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Capital Gains Tax on Real Estate – And 14 Ways to Avoid It


When you sell a property for a profit, you owe capital gains taxes on it. Maybe. Sometimes. If you don’t know how to avoid real estate capital taxes.

Because real estate investments come with a slew of tax advantages. While you own the property as a rental, you can take nearly two dozen landlord tax deductions. And when it comes time to sell, you can reduce or avoid capital gains taxes on real estate through another half dozen options.

Start thinking about your real estate exit strategies now, long before you’re actually ready to sell. By positioning yourself early, you can dodge the bullet of capital gains taxes on investment properties altogether.


Key Takeaways:

    • The IRS taxes your profits on real estate and other investments as capital gains.
    • The tax rate on capital gains is lower than regular income — if you owned the investment for at least a year.
    • Real estate investors have many options to reduce, defer, or avoid capital gains taxes.


What Are Capital Gains Taxes on Real Estate?

The IRS requires you to pay taxes on your profits when you buy low and sell high. Capital gains taxes apply whether you earn a profit buying and selling stocks, collectibles, or anything else of value — including real estate.

Uncle Sam calculates your capital gain by subtracting your cost basis (the amount you paid) from the sale price, minus any expenses such as Realtor fees. As with all income and profits, you must report these gains to the IRS.

You can sometimes increase your cost basis to lower your capital gains. For example, you can add some purchase closing costs to your cost basis. Likewise, you can add the cost of property improvements to lift your cost basis and reduce your taxable gain.

Nt all capital gains are treated equally. Capital gain taxes depend on how long you owned the asset, whether you lived in the property as your primary residence, and any adjustments you can make to your cost basis. Homeowners get a special exemption from capital gains taxes, up to $250,000 per spouse (more on that shortly).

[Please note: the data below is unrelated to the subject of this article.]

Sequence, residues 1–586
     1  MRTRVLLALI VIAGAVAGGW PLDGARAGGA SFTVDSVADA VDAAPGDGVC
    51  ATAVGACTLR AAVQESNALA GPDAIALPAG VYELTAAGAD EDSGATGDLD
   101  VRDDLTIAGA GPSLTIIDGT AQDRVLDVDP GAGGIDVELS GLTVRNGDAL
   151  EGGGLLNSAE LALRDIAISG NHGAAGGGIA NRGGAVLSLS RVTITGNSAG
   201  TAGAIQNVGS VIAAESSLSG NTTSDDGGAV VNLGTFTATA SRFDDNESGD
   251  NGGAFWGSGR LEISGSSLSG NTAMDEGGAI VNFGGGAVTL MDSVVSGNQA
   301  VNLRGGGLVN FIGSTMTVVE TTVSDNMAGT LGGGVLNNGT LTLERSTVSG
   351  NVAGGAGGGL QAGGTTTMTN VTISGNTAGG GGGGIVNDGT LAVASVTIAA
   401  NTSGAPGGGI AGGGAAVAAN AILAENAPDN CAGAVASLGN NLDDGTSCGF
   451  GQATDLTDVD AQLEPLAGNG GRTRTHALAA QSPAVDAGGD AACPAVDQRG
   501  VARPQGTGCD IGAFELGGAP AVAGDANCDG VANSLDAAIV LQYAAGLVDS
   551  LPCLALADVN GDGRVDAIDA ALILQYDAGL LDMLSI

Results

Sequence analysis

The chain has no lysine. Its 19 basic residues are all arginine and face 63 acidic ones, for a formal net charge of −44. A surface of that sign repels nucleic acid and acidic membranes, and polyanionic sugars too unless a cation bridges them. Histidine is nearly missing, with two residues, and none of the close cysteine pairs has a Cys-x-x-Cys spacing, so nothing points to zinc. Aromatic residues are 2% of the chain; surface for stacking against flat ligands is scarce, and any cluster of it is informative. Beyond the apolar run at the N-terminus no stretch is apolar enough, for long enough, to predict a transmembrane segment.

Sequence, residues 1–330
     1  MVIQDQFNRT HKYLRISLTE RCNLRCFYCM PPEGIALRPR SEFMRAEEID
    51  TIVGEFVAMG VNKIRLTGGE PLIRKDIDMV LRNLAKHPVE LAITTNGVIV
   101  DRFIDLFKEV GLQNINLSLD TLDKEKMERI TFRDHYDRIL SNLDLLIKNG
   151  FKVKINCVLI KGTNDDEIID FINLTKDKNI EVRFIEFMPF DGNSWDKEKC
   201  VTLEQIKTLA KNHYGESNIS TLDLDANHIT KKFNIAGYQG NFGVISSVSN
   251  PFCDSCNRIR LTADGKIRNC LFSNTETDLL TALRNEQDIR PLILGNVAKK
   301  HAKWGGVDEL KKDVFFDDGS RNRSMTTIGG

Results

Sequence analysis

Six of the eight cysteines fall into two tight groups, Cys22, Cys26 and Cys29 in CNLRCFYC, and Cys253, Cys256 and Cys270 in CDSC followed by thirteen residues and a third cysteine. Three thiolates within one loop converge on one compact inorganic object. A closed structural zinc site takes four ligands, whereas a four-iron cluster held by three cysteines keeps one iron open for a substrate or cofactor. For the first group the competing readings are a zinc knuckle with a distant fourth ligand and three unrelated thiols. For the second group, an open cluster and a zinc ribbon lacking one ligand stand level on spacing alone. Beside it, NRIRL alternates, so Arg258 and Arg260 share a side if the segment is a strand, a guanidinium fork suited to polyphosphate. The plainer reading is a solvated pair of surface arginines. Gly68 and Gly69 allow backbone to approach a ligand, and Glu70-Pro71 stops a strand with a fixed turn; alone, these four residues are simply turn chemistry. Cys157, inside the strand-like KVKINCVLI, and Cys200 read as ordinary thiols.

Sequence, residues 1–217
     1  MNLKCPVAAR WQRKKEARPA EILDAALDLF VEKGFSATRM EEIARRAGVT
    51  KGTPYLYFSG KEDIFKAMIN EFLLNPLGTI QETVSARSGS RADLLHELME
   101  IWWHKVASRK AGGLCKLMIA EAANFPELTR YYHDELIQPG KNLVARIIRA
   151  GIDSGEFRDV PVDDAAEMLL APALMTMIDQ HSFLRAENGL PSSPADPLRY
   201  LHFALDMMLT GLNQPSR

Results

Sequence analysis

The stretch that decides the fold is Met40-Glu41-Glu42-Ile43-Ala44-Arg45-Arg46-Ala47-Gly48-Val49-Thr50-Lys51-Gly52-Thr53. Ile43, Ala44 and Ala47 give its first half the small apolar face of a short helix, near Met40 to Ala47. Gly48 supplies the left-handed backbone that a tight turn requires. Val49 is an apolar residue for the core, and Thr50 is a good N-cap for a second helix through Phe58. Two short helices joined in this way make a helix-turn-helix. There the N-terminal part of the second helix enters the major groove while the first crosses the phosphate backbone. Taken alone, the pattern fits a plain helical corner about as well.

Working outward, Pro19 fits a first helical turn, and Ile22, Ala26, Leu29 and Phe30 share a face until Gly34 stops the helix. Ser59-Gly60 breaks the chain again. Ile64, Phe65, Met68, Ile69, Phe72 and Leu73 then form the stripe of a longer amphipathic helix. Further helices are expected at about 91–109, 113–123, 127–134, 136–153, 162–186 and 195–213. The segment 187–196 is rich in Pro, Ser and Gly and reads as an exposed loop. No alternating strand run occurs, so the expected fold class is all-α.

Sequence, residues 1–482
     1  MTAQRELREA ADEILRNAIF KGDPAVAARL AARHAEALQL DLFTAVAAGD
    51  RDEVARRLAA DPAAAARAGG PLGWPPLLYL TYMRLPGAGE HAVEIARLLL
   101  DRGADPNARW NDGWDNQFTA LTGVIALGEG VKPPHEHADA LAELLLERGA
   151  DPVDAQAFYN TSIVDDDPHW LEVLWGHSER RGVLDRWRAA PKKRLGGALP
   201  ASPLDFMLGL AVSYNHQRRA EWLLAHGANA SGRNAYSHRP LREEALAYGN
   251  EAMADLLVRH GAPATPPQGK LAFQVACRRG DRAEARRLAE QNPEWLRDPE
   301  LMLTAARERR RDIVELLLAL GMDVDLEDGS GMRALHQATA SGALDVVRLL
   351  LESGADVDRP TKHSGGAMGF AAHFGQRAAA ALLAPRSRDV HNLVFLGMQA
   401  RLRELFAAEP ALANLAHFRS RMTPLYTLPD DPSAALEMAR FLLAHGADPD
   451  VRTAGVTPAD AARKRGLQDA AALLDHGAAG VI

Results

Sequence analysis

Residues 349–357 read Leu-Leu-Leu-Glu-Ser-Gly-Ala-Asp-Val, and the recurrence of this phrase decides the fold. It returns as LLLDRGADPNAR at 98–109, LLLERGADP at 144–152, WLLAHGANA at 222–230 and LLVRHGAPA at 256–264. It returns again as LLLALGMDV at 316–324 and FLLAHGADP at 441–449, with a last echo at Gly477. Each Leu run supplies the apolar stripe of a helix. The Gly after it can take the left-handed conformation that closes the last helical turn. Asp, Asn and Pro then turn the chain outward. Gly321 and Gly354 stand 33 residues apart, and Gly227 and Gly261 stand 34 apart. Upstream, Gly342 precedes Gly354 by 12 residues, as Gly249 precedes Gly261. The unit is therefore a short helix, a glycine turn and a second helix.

Lower capital gains taxes apply to assets you owned for at least a year, referred to as long-term capital gains.


How Much Is Capital Gains Tax in Real Estate?

If you own an asset for less than a year, you’ll owe short-term capital gains tax on it. The IRS taxes these short-term profits at the regular income tax bracket rates. For example, if you pay taxes at the 24% tax bracket, you’ll owe Uncle Sam 24% of your short-term capital gains from that year.

If you hold an asset longer than a year, the IRS taxes your gains at a lower tax rate. Expect to pay 0-20% (exact tax tables below).

Another crucial difference between how capital gains are taxed versus ordinary income: you don’t pay different tax rates for different income segments. If your total taxable income is above the threshold for paying 15% capital gains tax, all of your capital gains are taxed at 15%.

For example, say you earned $150,000 last year, of which $50,000 were long-term capital gains. You pay 15% of the total capital gains, rather than paying 0% on one portion and 15% on another (the way that ordinary income tax brackets work. You’d pay a total capital gains tax bill of $7,500 for the year.


Short-Term vs. Long-Term Capital Gains

Before diving into individual strategies to avoid real estate capital gains taxes, you first need a baseline understanding of short-term versus long-term capital gains.

If you own an asset — any asset — for less than a year and then sell it for a profit, the IRS classifies that profit as a short-term capital gain, taxed at your regular income tax rates. For example, say you flip a house and earn a $50,000 profit on top of your $85,000 salary. As a single person, you would pay taxes on that extra $50,000 in income at the 24% federal tax rate.